Writer(s): Jeff Lemire.
Penciler(s): Denys Cowan.
Inker(s): Bill Sienkiewicz.
Colourist(s): Chris Sotomayor.
Letterer(s): Willie Schubert.
Publisher: DC Black Label.
Release Date: November 24th, 2020.
Genre(s): Comics, Science-Fiction.
My Overall Rating:
The two opposing and eternal forces of good and evil have rarely been understood without a divide among mortals. There are many ways for one to determine if they are prone towards one or another but there is no guarantee that they will not tilt into the other domain at a moment’s notice. Sometimes you look at the means, sometimes you look at the ends, but always is the intention crucial to grasp one’s tendency towards good or evil. The Question is one hero who is convinced that he knows the distinction between both, that he champions the way towards good, that is, until he’s sent down a rabbit hole. Collecting all four issues, Eisner-winning writer Jeff Lemire teams up with the legendary artistic powerhouse Denys Cowan and Bill Sienkiewicz to deliver a mystery surrounding the identity of Vic Sage and his alter-ego The Question.
What is The Question: The Deaths of Vic Sage about? In the hopelessly corrupt Hub City, one faceless hero roams the streets looking to dish out justice and order to anyone embracing crime. When a conspiracy leads him to the depths of the city’s underbelly, he is suddenly pulled into an adventure beyond his understanding, sending him back in time to unravel past lives he might have had despite having no memory of them. Waging his war against evil, his journey brings him to delve into the complexity of good and evil, as well as to demystify the blurry line distinguishing one from the other. However, this sequence of tragic reincarnation has left him with more questions than answers but the real query lies in his ability to break free from this vicious cycle or not.
“There is good. There is evil. And if you’re unsure which side you stand on, then chances are it’s the wrong one.”— Jeff Lemire
Writer Jeff Lemire achieves a truly unique and authentic take on the hero The Question through this four-part story. At its foundation, it is a heavily-focused noir mystery centered around politics and crime with a protagonist juggling two completely opposite personas, one completely public and transparent to the world and the other hidden in the shadows of the people. As the story progresses, the narrative drifts into a conscious-expanding quest gravitating around Vic Sage’s identity and history. It is especially during these later acts of the story that writer Jeff Lemire melds together various historical periods and explores adjacent genres, e.g. western. Although the narrative structure is flimsy towards the end, having trouble to properly take shape, it is the premise and the promise of resolution that makes this story engrossing.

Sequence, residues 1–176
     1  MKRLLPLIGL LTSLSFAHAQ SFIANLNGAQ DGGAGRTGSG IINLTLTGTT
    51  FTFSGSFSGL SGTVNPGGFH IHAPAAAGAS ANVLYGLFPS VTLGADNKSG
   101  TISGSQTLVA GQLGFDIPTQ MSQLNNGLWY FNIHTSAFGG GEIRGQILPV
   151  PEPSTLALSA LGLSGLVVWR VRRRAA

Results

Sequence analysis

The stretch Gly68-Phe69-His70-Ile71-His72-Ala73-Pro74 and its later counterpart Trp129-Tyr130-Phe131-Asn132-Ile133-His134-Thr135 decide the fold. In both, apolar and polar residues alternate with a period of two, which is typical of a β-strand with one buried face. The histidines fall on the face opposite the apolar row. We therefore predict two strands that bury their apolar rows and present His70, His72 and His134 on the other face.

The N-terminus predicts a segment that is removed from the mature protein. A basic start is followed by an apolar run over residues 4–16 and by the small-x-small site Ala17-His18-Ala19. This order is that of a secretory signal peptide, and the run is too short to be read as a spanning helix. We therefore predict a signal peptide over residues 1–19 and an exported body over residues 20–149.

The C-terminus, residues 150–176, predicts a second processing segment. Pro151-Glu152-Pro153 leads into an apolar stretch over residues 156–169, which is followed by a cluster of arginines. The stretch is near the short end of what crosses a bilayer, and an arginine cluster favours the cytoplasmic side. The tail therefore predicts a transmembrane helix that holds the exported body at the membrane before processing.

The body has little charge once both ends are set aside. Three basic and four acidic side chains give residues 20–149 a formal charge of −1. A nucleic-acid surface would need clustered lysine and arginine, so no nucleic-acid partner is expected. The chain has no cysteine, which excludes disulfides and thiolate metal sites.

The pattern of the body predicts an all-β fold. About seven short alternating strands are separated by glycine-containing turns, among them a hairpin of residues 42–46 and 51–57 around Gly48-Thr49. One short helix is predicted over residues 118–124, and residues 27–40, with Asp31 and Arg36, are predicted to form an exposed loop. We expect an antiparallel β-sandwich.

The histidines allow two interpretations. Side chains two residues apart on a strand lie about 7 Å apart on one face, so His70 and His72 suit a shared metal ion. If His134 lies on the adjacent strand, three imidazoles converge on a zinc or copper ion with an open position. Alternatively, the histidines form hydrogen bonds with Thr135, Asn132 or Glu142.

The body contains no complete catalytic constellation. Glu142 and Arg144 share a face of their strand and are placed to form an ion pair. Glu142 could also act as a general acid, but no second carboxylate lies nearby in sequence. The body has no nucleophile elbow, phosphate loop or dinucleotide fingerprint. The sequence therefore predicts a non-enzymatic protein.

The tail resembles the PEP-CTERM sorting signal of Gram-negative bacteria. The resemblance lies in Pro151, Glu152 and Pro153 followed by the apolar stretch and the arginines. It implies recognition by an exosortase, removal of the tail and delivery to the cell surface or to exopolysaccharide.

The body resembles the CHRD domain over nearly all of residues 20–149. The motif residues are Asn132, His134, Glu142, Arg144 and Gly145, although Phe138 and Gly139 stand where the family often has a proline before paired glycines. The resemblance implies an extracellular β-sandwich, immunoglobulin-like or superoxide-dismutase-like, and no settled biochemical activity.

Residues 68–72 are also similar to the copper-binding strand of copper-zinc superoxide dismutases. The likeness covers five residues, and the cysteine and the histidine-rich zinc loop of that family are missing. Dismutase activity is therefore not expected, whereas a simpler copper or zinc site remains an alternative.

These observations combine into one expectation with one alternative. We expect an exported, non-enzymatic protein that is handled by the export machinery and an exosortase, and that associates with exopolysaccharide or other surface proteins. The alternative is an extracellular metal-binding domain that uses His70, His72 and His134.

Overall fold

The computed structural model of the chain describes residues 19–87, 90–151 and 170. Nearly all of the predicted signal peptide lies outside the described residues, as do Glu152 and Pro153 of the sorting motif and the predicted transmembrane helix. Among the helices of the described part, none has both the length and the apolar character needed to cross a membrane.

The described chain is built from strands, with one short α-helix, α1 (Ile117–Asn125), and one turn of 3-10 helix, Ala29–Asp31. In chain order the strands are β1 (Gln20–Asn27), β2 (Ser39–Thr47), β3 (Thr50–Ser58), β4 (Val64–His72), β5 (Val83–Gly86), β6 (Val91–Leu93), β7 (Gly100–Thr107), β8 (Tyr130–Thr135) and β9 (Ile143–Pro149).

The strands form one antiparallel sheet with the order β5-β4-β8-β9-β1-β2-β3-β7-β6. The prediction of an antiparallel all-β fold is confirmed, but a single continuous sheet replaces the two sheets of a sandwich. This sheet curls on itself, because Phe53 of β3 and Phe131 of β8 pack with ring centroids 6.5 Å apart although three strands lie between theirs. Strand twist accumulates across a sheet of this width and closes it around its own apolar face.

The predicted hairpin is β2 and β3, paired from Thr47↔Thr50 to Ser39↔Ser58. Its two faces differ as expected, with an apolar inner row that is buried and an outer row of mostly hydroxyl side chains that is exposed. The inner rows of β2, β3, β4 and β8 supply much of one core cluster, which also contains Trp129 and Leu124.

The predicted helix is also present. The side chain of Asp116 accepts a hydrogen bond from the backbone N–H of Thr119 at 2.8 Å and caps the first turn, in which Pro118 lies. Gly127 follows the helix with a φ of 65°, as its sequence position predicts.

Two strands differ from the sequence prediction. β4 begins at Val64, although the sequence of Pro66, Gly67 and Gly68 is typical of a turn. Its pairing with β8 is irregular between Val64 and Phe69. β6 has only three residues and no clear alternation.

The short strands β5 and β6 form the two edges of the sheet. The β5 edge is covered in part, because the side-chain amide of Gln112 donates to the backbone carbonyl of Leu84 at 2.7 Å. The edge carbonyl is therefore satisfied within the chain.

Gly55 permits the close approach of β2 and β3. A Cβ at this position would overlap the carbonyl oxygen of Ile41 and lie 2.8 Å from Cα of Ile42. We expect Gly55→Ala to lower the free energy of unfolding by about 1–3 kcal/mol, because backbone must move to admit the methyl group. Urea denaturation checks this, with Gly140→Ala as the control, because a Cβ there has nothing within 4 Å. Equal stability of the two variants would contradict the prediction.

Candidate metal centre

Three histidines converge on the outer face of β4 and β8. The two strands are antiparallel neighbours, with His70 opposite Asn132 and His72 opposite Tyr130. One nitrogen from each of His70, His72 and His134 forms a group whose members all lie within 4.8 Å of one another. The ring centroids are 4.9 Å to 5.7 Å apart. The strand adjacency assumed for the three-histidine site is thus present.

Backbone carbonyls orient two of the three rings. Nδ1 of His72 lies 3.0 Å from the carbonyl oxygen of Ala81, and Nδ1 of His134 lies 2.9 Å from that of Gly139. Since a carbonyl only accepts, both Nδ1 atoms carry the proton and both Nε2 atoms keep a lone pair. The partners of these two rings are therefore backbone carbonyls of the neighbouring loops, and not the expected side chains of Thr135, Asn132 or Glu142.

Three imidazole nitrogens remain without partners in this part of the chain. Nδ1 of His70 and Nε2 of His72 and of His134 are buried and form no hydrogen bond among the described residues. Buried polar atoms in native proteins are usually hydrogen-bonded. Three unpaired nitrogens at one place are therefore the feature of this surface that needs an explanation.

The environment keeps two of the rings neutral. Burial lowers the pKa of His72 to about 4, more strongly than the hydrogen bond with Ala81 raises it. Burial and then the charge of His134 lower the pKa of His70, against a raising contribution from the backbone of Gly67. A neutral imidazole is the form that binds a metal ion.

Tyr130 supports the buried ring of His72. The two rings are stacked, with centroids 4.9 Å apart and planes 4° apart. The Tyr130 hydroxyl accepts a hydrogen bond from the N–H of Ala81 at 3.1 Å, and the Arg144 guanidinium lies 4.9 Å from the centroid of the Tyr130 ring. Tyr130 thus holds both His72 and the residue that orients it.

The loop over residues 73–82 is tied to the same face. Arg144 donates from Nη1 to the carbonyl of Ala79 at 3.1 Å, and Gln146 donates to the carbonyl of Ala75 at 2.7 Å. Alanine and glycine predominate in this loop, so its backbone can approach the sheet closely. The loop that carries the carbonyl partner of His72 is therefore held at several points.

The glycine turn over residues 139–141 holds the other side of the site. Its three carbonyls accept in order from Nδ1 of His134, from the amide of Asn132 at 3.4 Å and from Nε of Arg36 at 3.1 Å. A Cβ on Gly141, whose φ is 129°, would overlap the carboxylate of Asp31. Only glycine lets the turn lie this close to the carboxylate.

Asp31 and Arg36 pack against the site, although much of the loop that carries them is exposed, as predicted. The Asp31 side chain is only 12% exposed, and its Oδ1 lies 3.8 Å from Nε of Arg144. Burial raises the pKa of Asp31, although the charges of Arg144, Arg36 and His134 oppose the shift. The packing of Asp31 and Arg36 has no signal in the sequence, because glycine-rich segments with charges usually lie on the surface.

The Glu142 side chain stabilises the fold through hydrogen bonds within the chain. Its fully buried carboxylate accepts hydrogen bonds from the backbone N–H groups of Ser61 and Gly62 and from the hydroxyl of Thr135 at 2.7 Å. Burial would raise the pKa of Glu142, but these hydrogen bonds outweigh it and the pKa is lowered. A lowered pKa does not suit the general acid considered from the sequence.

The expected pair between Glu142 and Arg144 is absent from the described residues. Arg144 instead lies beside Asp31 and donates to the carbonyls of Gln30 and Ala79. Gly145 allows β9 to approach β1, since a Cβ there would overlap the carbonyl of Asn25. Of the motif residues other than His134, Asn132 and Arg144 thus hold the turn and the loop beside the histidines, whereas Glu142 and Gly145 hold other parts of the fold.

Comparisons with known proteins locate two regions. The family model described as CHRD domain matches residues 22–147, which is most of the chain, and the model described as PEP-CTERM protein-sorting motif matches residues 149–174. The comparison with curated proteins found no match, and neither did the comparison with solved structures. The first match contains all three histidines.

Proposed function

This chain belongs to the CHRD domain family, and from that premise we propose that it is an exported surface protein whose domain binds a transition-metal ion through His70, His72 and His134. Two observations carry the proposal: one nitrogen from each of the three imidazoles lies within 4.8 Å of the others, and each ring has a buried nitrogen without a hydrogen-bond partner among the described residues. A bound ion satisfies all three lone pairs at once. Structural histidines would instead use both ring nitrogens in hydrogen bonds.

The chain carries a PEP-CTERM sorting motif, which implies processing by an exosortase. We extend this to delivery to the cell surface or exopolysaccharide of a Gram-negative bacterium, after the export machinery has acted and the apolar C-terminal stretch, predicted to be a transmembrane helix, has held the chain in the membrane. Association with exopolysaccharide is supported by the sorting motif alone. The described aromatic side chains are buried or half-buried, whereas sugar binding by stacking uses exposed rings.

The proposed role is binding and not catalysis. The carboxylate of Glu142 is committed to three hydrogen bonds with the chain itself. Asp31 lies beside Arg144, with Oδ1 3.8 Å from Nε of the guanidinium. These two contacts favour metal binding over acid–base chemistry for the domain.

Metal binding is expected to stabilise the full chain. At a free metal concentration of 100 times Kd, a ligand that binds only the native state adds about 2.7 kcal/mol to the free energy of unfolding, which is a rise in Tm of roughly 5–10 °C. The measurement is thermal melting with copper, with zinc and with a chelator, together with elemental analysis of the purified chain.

Artist Denys Cowan brings to the table a rough and sketch-like artistic vision that works tremendously with this storyline. The unsure and undefined quality of his style stunningly reflects the hazy and blurred line between good and evil, subconsciously inviting readers to understand the difficulty of individuals to adopt a purely dichotomic view of the world. Inker Bill Sienkiewicz and colourist Chris Sotomayor also tap into this story’s tone to deliver the grim, dimmed, and shadow-heavy artwork. The use of black borders also easily engulfs the story in a darker atmosphere without much more effort than necessary, reminding readers of the darkness within and outside of The Question. Unfortunately, the final act rushes into a philosophical frenzy that strips the protagonist from getting the answers to the questions he craved so profoundly. In the end, this psychological odyssey leads to his ultimate transformation, a transformation that simply broadens the protagonist’s vision rather than destroy his perception of the world.
The Question: The Deaths of Vic Sage is a riveting yet puzzling genre-blending mystery centered around one man’s tale of self-discovery through conspiracy and moral uncertainty.